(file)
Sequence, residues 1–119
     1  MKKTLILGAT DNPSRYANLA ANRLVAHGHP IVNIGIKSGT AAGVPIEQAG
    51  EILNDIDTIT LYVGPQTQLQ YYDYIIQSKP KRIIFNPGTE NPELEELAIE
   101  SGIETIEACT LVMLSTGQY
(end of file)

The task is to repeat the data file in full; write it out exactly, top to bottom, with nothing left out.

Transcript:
Sequence, residues 1–119
     1  MKKTLILGAT DNPSRYANLA ANRLVAHGHP IVNIGIKSGT AAGVPIEQAG
    51  EILNDIDTIT LYVGPQTQLQ YYDYIIQSKP KRIIFNPGTE NPELEELAIE
   101  SGIETIEACT LVMLSTGQY